U.S. pharmaceutical giant Eli Lilly has filed a $500 million international lawsuit against the Canadian government, saying it unfairly shortened the life of patents for its best-selling drugs.
The case, filed Thursday under the rules of the North American Free Trade Agreement, threatens to shed a negative light on a dispute resolution mechanism also being proposed by the U.S. as part of the Pacific trade deal.
Eli Lilly has been arguing with Canada for almost a year over the patents for its best-selling drugs Straterra, used to treat Attention Deficit Hyperactivity Disorder, and Zyprexa, used to treat schizophrenia. The pharmaceutical company says Canadian courts unfairly threw out these patents when challenged by generic drug manufacturers, using a legal doctrine that requires a company to provide an unreasonable amount of scientific data in order to secure the patent.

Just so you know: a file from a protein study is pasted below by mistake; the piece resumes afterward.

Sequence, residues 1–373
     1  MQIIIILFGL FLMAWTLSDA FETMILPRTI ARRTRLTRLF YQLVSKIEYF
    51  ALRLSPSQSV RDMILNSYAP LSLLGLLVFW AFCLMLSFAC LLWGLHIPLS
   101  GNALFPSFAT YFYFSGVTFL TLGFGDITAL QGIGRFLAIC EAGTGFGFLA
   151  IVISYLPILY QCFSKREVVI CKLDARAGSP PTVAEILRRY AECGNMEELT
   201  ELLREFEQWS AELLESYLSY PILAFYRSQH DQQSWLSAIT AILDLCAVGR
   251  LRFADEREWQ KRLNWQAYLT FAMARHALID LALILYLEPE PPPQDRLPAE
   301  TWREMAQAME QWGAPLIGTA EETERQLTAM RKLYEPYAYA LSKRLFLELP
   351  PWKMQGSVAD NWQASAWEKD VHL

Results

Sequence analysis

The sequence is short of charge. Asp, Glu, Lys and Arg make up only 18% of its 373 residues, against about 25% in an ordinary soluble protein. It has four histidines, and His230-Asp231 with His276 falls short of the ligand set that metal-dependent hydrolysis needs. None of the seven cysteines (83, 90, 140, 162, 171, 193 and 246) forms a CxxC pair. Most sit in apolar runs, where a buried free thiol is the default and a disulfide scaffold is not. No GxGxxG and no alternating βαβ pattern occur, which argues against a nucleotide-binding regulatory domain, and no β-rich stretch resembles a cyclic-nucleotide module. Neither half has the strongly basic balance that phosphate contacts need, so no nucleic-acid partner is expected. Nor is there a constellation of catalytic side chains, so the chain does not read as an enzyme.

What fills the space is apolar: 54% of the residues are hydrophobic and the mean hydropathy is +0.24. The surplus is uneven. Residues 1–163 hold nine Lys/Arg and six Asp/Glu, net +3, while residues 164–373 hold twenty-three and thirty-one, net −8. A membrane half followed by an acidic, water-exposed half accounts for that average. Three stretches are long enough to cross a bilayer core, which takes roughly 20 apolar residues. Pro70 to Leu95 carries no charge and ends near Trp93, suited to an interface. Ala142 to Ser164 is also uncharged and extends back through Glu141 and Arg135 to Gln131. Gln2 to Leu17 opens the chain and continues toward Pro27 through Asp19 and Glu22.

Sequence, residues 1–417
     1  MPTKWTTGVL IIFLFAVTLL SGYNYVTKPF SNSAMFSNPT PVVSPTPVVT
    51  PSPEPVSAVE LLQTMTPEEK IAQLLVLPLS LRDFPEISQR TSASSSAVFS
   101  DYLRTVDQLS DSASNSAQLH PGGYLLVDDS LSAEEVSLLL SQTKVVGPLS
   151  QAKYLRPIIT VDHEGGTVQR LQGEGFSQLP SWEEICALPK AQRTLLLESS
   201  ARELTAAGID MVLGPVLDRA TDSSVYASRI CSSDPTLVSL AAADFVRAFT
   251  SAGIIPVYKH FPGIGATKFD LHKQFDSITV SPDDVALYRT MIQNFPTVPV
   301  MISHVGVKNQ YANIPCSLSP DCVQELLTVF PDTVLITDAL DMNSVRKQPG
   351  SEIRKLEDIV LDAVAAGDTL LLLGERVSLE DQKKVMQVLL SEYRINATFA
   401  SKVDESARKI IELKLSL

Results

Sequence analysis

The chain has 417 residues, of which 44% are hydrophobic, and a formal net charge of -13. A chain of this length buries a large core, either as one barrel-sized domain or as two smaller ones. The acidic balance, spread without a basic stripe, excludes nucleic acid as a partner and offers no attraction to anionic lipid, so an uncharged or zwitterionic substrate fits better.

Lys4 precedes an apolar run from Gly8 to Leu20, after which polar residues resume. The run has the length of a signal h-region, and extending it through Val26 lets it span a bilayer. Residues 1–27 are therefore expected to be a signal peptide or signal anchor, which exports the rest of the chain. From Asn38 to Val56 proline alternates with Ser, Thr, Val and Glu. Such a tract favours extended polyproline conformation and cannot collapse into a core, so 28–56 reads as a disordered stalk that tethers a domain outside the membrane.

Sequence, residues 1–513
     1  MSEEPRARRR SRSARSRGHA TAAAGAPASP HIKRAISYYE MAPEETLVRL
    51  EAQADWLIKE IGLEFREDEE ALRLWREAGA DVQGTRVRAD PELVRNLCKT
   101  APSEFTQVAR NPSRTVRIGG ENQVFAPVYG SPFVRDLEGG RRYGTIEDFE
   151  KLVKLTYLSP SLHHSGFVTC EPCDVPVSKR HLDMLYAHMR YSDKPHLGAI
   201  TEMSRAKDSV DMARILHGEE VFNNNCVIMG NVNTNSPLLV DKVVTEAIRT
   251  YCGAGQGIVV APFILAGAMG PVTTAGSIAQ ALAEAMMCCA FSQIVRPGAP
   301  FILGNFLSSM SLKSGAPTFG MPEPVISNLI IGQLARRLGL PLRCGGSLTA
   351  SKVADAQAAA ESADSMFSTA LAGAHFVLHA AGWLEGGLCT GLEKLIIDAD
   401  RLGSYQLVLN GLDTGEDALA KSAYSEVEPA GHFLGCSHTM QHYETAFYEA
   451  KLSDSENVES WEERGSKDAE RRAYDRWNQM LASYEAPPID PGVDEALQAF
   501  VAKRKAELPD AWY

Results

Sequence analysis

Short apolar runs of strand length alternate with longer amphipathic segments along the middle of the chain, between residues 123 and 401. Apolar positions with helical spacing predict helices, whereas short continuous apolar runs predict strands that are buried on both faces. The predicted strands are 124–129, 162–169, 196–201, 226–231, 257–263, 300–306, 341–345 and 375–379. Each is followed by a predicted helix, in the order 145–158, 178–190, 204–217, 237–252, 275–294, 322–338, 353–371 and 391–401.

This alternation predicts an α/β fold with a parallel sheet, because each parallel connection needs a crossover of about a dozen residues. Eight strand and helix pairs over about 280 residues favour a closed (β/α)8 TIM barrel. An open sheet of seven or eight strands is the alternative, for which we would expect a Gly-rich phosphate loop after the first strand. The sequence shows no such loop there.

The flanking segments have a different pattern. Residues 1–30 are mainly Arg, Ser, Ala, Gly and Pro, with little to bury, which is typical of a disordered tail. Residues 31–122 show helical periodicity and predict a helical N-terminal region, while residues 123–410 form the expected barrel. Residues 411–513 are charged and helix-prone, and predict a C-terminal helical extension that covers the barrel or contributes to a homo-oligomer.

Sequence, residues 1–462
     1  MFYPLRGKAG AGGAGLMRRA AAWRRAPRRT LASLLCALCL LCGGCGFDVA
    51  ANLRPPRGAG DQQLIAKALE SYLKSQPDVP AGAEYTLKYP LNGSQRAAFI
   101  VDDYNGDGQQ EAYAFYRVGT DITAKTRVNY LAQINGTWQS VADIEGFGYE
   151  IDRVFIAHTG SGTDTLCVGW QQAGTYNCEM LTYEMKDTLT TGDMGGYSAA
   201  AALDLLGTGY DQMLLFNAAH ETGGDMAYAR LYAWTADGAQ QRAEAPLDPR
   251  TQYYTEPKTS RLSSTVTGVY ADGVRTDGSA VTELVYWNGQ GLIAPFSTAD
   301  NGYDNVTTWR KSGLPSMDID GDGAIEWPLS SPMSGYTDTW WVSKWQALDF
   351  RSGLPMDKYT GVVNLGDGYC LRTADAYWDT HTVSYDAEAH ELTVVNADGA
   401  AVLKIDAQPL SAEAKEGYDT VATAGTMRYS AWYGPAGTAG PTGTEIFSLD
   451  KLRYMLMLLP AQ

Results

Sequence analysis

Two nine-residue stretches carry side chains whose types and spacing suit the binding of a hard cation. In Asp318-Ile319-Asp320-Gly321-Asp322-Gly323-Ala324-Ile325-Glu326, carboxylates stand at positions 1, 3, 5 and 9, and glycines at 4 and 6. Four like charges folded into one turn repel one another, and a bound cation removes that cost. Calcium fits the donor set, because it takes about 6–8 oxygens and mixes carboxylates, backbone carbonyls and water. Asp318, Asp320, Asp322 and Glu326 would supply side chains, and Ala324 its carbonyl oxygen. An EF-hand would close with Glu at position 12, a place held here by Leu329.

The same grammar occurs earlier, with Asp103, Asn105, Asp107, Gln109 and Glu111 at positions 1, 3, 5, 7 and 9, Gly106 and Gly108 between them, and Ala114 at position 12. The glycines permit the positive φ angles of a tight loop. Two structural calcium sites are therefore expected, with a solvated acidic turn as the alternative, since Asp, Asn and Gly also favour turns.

Eli Lilly argues that the Canadian courts are creating too high of a standard for companies to prove the “usefulness” of their products when their patents are challenged by other firms seeking to produce their own versions of drugs. Usefulness is a common benchmark for establishing or maintaining a patent.
I'm quoted in the article:
But Simon Lester, a trade policy analyst at the Cato Institute, said for Eli Lilly to secure a favorable ruling, it would require Canada to change its own laws. It’s unlikely that the government of Canada can order its courts to cease their approach toward testing pharmaceutical patents because the courts, as they are in the U.S., are independent in Canada.
“It’s not easy to tell courts what to do,” Lester said.
To clarify, I just meant that it won't be easy, politically, for Canada's parliament to act here.